In padangusthasana, with knees straight and grabbing the big toes, and forgetting all about the vinyasas (i.e. the part where you inhale and straighten your arms and then exhale and move deeper into the forward bend, where you then hold the position for five breaths), you can use your arms against your big toes (and against your feet) in a couple of ways.
Options for how to use your arms in padangusthasana
One way to use your arms is to pull them forwards, as if trying to pull your big toes out of your feet. Your toes will resist and what you may find is that your butt and your hamstrings activate. (Your big toes and the muscles of your foot will also engage). While your arms work to pulls your toes forwards, your butt and hamstrings activate to resist that pull.
The interesting thing is, you may find that even with your hamstrings and butt active, you can deepen the forward bend.
The point to understand here is that muscles, when active, can shorten, lengthen or remain the same length. The import is that you can stretch muscles while they are active.
Another option is to use your arms as if trying to pull upwards on your big toes. Of course your foot and toe muscles will resist. The upward pull exerted on your toes by your arms causes a downwards pull on your ribcage. And what you may find is that your butt and hamstrings activate to help resist this downwards pull.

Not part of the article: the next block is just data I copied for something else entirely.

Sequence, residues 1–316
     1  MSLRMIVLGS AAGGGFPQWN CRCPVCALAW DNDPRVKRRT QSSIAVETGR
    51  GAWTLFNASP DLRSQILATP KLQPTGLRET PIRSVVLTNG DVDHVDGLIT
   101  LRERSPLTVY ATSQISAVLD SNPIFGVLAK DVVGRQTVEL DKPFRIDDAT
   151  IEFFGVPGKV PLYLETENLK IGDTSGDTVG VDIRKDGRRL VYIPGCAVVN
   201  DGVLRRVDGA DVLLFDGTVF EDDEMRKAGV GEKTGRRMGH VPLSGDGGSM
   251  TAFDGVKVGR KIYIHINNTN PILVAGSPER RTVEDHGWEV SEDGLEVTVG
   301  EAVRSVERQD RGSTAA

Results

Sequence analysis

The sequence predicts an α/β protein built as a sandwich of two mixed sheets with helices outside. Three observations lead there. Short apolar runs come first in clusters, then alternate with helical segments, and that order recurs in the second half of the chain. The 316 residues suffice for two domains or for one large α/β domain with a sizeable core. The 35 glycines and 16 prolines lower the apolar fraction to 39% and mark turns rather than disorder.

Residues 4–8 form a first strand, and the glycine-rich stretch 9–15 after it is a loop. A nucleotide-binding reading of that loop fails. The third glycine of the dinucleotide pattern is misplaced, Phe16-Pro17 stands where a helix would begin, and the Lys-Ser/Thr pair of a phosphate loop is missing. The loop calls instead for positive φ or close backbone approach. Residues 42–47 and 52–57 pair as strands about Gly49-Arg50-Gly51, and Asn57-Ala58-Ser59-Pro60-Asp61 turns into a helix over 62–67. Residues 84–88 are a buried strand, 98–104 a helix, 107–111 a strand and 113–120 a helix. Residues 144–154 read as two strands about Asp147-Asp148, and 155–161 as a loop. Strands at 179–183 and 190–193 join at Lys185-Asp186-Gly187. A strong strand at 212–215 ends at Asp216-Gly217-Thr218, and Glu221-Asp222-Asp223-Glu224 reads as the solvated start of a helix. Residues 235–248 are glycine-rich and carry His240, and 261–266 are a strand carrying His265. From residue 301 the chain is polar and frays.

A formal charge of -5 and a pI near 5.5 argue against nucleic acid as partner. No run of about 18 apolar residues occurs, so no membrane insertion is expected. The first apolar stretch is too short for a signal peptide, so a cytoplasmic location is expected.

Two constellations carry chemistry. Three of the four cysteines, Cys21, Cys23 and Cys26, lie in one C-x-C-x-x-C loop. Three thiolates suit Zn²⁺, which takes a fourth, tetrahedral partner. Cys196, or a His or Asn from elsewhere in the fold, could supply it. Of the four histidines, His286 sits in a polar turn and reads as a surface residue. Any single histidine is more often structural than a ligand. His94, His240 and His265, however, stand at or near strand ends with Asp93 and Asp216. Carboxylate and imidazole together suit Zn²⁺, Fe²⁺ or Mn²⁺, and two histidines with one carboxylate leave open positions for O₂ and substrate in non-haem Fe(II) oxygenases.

And so what you end up with is a loop of muscle generated tension. In the midst of all this tension, you can vary or change the length of the muscles involved. Increase elbow bend, and/or pull your shoulders towards your hips, and you can increase the forward bend of your hips. Thus you can use elbow and shoulder muscles to help lengthen the muscles at the back of your hips.
All the muscles involved will generate "feel" or "sensation" because they are active.
How to avoid lower back stress in standing forward bends
With forward bends, there can be a lot of stress on the lower back. One answer to this is to adjust the bend of your lower back. You can try bending it back or forwards, or straighten it. Use the position that feels best.
Another option is to brace the lumbar spine and hip bones laterally using the quadratus lumborum and lumbar/sacral spinal erectors.
Yet another option (that may or may not relate to bracing the lumbar spine laterally) is to pull your belly in using your transverse abdominis.
Before going on about how or why activating the transverse abdominis can help, one other option that can happen automatically when you use your arms against your legs is to stablize the hip joints, and thus, the hip bones. If, when using your arms, your hip muscles activate but you find that you have lower back pain, you can try moving your sitting bones upwards or downwards to change the curve in your lower back. Another option is to try to spread or retract your sitting bones a slight amount.